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Written on: Sunday March 9th, 2008

A journal entry from: Southeast Asian Adventures!

Ratanakiri province, home to lush jungles and their wildlife, waterfalls, volcanic crater lakes, and the dustiest town in the world, Ban Lung. It was a 4.5 hr drive in a shared taxi (aka. a Toyota Camry packed with 7 people) over the unpaved, dusty roads. We arrived in the small town of Ban Lung, met with swirling red dust that looms over the town and manages to get into every pore on your body.

Our first day there we took motos out to some waterfalls and the volcanic crater lake. The first waterfall was by far my favourite, as we had it to ourselves and spent some time swimming around. We were in need of a swim after riding around on the dusty backroads of town. We visited another waterfall, which was a bit less exciting as it wasn't possible to swim there. The volcanic crater lake was quite beautiful, and we were able to swim around and watch the local teenage boys jump out of trees into the water, fully clothed. We also followed a trail around the lake for a scenic walk.

The next day our jungle adventure began. We booked a 3 day, 2 night jungle trekking adventure. Our guide didn't take us to the national park, as he said it was too far away, but we trekked through a protected area of the jungle. The first and third days consisted of moto rides, a boat ride and 3 hours of walking in the hot sun through deforested areas to get to/from the jungle. That wasn't my idea of fun or trekking in the jungle!

We arrived in a small Laotian village close to the jungle and picked up another guide, making it 3 guides and Alan and me. Finally we arrived at our camp in the afternoon. We made camp at a government station, where 2 families lived to take care of the station and a few forest rangers lived. We spent the evening washing in the small stream and drinking home made palm wine, courtesy of our Laotian guide. At night we retired to our hammocks and fell asleep to the sound of geckos and peacocks and the other sounds of the jungle.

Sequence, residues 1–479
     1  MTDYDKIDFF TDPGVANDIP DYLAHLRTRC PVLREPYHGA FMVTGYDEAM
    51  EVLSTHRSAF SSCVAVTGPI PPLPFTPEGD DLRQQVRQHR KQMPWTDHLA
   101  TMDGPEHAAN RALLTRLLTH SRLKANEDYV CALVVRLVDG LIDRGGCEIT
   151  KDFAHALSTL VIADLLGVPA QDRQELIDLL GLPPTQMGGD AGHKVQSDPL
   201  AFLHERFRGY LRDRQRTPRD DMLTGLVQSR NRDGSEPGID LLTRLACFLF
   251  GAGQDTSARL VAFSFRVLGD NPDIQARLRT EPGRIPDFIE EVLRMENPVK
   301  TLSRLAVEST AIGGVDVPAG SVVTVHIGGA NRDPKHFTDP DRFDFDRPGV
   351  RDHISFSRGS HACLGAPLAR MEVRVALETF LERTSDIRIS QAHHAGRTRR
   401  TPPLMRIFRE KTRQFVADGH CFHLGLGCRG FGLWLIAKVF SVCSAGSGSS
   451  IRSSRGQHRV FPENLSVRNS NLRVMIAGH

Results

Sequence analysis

The next morning we were up early, had breakfast, then set off in the jungle. At the time, I was a bit disappointed because we didn't see any wildlife, not even a monkey! We heard gibbons, but didn't see any. However, it was more of a learning experience and hiking than anything else. Our guide showed us areas that were 'protected,' but the land had been burned to attract the animals when the new grass begins to grow for hunting purposes. He also told us that we were hiking in an area that used to be national park, but the government keeps shrinking the park borders to make a profit off the land. Poaching is also practiced in the protected area, and monkeys are sold to Vietnam (I'm not sure why).

We did see some beautiful waterfalls, an old tiger cave, and had our Laotian guide, a true jungle-man, show us what types of plants we could eat.

After 3 days in the jungle I was exhausted and filthy, and ready to head back to Ban Lung. After the 3 hour walk back to the ferry, we took the motos out on what was definitely a life-fearing ride over the country roads to a minority village. The minority village was very poor, and doesn't get a lot of foreign visitors. It was definitely the highlight of the day when we arrived. We saw women weaving silk scarves, a man building a house out of bamboo, and everyday life in the small, simple village.

Ratanakiri was one of the most interesting places I'd been so far, as not many tourists venture all the way up to the north of Cambodia. Jungle trekking was an educational experience, and it was sad to see the jungle shrinking and the animals retreating further and further into the jungle to escape poaching and the burning land. One thing I've learned during my travels through Cambodia is that corruption runs deep in every industry in this country.


From Howard & Brenda on Mar 10th, 2008

Great photos and stories. You go girl